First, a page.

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Durst hated how bullies liked Bizkit

Fred Durst has recalled the “uneasy” experience of realising that bullies enjoyed Limp Bizkit’s music – even though they’d been formed as a way of fighting back from bullying.

The frontman originally co-founded the band in the hope that it would lead to a career in making music videos, but the concept quickly fell by the wayside.

Durst tells KTLA5: “When I got the microphone I figured I had to say something. I felt like standing up for myself and what I’d gone through.

“I was a big misfit where I grew up – I was abused and bullied a lot. If you’re someone that’s tortured and bullied, wearing that target on your back, you need an outlet. It was a revenge against the bullies.”

But as the band’s reputation grew, he recalls, “the sound was so ferocious that bullies themselves would embrace Limp Bizkit. It was uneasy for us to see the people we really hated being fans of the music, alongside the people we were fighting for.”

He reflects: “You’ve got to let it go and let art be what it’s going to be.”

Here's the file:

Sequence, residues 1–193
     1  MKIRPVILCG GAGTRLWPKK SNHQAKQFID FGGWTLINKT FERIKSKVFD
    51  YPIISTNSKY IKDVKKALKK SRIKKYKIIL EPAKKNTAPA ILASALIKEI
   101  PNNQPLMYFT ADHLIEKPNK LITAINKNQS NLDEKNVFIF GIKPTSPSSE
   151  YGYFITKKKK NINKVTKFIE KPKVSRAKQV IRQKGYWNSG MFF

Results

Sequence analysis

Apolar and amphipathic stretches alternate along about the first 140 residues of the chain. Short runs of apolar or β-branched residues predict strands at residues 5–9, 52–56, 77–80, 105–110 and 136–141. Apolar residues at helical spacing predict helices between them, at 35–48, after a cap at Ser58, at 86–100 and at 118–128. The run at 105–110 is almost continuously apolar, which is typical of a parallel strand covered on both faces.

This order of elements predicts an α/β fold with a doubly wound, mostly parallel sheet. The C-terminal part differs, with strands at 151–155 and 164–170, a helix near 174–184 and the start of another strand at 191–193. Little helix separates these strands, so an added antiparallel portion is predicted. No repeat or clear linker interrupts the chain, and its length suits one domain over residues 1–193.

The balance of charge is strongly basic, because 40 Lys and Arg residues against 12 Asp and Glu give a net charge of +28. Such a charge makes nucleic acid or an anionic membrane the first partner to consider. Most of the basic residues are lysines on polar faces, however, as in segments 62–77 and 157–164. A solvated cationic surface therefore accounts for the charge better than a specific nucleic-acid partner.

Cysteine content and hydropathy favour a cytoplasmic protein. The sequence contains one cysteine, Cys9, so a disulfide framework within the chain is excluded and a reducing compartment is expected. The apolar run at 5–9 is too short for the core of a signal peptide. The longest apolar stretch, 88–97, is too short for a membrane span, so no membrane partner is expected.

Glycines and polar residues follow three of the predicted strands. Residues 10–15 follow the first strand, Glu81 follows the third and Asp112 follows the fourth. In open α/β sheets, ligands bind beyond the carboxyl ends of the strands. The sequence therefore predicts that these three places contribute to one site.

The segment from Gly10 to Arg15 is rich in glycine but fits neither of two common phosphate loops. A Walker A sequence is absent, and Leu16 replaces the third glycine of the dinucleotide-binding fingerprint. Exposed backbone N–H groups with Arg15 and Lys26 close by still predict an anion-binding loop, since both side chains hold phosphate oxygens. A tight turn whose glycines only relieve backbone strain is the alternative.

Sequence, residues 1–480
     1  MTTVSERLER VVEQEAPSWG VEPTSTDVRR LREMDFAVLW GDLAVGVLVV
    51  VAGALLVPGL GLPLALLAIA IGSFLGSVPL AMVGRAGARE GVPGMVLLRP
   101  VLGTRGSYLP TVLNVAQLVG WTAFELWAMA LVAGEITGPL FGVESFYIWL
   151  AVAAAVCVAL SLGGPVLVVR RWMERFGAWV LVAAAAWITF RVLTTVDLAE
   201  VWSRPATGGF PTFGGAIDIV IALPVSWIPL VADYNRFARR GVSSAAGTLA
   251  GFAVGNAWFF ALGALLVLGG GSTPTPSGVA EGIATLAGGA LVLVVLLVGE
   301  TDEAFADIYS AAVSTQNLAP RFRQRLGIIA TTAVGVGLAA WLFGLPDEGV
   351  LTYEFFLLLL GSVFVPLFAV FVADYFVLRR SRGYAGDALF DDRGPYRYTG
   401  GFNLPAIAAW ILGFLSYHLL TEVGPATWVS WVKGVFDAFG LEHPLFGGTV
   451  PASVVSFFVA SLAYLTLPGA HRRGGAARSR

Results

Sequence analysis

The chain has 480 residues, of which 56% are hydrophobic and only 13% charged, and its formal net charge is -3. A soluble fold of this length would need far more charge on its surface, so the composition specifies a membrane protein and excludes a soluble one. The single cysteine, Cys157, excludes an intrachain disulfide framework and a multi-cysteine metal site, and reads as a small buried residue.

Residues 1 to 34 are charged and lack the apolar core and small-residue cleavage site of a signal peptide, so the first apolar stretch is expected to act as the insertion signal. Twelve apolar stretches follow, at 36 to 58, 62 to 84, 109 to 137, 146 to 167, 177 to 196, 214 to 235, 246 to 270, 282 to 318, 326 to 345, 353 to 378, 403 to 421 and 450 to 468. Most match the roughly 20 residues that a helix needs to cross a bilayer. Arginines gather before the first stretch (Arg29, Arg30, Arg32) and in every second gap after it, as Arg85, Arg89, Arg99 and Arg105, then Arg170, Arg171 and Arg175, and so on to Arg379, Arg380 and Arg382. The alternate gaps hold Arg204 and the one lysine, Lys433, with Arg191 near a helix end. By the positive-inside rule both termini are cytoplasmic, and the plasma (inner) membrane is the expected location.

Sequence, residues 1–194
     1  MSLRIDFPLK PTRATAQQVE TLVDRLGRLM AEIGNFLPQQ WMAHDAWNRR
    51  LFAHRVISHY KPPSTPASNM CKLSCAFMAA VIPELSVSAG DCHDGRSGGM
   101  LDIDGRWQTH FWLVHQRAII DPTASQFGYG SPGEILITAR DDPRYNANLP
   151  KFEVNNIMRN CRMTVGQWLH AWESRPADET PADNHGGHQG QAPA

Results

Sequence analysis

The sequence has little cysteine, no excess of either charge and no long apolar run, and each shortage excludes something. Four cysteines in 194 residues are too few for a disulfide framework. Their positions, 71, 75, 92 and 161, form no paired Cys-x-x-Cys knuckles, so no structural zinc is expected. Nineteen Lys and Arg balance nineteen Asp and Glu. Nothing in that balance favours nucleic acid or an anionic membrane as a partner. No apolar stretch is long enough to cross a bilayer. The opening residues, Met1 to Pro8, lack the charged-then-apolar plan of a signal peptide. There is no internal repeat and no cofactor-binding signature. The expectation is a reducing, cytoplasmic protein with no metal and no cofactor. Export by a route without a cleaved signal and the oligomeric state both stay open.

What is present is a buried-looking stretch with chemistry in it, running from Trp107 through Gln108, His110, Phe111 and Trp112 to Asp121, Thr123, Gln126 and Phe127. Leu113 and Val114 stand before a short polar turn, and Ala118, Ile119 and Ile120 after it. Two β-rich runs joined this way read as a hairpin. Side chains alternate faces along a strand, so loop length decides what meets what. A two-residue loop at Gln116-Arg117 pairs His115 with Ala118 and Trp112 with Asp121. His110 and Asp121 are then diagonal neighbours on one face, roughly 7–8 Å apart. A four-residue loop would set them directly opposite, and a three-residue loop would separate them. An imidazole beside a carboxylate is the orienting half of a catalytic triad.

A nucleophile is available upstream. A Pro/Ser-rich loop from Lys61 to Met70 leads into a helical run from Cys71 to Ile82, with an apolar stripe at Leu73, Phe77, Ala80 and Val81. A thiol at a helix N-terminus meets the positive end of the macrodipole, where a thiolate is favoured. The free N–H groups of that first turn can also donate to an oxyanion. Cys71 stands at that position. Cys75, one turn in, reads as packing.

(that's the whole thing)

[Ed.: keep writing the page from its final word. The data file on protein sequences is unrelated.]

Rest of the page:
The band return to the UK for the Reading and Leeds festivals in August. Guitarist Wes Borland, who returned to the band in 2009 after eight months in Marilyn Manson’s outfit, recently told how his experience with the shock-rocker led to his desire to rejoin his old bandmates.

Freelance Online News Contributor

Not only is one-time online news editor Martin an established rock journalist and drummer, but he’s also penned several books on music history, including SAHB Story: The Tale of the Sensational Alex Harvey Band (opens in new tab), a band he once managed, and the best-selling Apollo Memories (opens in new tab) about the history of the legendary and infamous Glasgow Apollo. Martin has written for Classic Rock and Prog and at one time had written more articles for Louder than anyone else (we think he's second now). He’s appeared on TV and when not delving intro all things music, can be found travelling along the UK’s vast canal network.